The powerful and the powerless in hard fiscal times

I recently had a 12:30 meeting at a Chicago clinic. Rather than getting stuck in traffic, I walked down to 63rd street and caught the Green Line. The L meandered across the south and west sides, past vacant lots littered with the usual detritus of low-income urban life. My fellow passengers included a fair number of boisterous teenage boys. They didn’t bother anyone. They were just being loud and adolescent, but many nearby adults would have been happier to see those youth hired to do something more useful than goofing with their friends. This might have happened, too, had Congress come through with a better jobs bill.

Last month, I attended a meeting with leaders of local government, criminal justice systems, and nonprofit agencies concerned with youth violence. Judges, police, correctional officials, social workers, and young people themselves will tell you that a job is one of the best things we can do to keep kids out of trouble. It gives youth a place to be, something worthwhile to do, and a little money in their pocket which can only reduce the lure of other things.

The job numbers for youth are terrible right now. Cities and states don’t have the money to pick up the slack. We were hoping for more money from the federal government through a jobs bill and some other things that didn’t come through. Across the nation, youth are applying to summer job programs that can hire a fraction of those looking for work. Many of these same kids go to schools facing punishing budget cuts. To give one small example, kids are losing JV and other sports opportunities at the very moment politicians rail about the growing problem of child obesity.

This morning’s Times includes a beautifully reported story by Kevin Sack about state AIDS Drug Assistance Programs. For the first time in years, many programs are capping enrollment, establishing waiting lists, or limiting medications for people living with HIV and AIDS. States, under great fiscal pressure, are cutting many health programs. Senators are bickering about whether to ship some TARP or stimulus funds over to ADAP. Everyone seems to feel badly, but no resolution has been found.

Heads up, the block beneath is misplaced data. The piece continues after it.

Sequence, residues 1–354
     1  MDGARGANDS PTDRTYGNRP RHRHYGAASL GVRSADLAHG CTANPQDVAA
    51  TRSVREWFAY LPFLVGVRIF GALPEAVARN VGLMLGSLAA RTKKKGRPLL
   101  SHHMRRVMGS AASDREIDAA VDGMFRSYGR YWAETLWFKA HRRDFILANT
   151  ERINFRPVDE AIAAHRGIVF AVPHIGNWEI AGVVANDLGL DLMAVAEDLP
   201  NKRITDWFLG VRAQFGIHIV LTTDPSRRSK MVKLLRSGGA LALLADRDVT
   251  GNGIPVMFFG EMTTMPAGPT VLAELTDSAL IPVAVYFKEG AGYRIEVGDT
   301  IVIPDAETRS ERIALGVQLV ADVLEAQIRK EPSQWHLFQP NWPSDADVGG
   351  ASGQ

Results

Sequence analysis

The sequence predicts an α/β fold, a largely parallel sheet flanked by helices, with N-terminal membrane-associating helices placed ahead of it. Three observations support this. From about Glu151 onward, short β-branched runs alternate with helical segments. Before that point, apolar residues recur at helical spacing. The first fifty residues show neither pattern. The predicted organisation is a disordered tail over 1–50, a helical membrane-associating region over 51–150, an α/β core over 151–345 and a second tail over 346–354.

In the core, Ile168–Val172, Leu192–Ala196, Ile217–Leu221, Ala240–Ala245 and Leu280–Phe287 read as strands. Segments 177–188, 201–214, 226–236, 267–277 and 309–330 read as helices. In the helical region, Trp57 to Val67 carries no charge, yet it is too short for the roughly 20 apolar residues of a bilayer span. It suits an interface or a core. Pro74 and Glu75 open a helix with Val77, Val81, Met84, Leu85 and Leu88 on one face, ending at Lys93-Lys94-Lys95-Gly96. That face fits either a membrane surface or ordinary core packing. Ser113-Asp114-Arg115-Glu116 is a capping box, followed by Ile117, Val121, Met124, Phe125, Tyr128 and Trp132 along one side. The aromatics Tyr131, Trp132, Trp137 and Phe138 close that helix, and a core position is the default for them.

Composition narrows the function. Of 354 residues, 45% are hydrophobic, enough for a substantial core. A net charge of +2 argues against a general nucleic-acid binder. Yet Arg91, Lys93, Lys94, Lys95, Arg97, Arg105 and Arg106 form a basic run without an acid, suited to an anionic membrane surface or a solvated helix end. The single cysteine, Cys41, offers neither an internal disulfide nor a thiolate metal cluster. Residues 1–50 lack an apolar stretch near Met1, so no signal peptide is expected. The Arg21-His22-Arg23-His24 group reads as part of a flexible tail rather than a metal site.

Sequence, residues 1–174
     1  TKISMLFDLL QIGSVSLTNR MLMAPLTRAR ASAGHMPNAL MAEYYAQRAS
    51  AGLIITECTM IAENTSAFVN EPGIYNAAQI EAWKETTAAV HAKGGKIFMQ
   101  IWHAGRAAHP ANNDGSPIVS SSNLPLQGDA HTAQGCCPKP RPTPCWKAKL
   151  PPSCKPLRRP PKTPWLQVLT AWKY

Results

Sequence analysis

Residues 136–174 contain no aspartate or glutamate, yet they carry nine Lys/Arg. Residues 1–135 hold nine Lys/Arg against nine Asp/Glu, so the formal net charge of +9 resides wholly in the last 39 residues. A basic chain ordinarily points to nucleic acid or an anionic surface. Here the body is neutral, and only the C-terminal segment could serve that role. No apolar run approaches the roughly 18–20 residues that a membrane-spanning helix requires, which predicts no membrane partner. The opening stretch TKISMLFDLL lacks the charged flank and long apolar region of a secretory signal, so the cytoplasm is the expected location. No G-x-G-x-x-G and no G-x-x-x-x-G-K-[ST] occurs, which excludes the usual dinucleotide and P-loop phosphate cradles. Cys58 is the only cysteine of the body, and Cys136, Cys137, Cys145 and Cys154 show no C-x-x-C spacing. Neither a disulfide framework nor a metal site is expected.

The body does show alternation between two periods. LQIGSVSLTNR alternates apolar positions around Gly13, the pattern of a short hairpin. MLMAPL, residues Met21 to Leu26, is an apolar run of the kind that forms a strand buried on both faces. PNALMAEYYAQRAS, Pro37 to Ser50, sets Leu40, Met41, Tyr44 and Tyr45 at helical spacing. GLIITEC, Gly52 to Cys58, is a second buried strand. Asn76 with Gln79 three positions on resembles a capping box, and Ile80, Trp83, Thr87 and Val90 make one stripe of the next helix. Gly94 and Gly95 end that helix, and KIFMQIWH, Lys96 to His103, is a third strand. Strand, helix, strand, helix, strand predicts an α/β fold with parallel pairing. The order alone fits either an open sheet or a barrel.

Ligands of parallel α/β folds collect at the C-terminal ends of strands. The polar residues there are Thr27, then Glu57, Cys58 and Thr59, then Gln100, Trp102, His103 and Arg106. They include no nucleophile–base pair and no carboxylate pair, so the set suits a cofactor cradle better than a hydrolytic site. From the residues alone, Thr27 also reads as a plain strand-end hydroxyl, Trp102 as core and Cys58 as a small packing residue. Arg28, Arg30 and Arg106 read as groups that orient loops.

Then I read that the United States Senate could not find 60 votes to extend unemployment benefits to two million people. Congress also failed to extend Medicaid support to states that are therefore making deep cuts in dental care and other related services. “Concern about the federal deficit” is the most commonly cited reason. The budget really is tight. Programs will be cut; constituencies are bound to be disappointed.

Not everyone will be equally disappointed, however. Today’s paper contains two other stories showing sunnier outcomes for specific groups. For example, large banks won a reprieve (courtesy of Scott Brown) from a $19 billion fee in financial regulation reform. Physicians got another reprieve from Medicare’s “Sustainable Growth Rate” formula, which, in principle could impose a 21 percent reimbursement cut. Congress continually modifies this complicated and politically impossible policy with the ritualized “doctor fix.” (Last month Congress voted to replace the 21 percent payment cut with a 2.2 percent increase. See Austin Frakt for the details).

Still, the contrast in urgency is striking. In these cases and others, organized, rather privileged interests fare well when the political shoving starts. That’s politics 101. It applies to both parties, though more glaringly and with less embarrassment in the GOP. Sometimes this fact of life produces good policy, sometimes not. I’m sorry the banks got off the hook. I’m glad Congress always fixes the SGR, since a drastic reimbursement cut would be terrible public policy.

No Senator or Representative wants to lose her job creating a mess for Medicaid patients and providers. Concerns about federal deficits remain, but these concerns take a back seat when something is very important to Medicare patients and providers. That’s good. I only wish more politicians felt the same fear about disappointing people living with HIV, disabled Medicaid recipients now losing services, and disadvantaged urban youth. Until they do, politicians will continue to rather feel badly as they neglect important needs. And the politics of the federal budget (and state budgets, too), will remain disspiriting.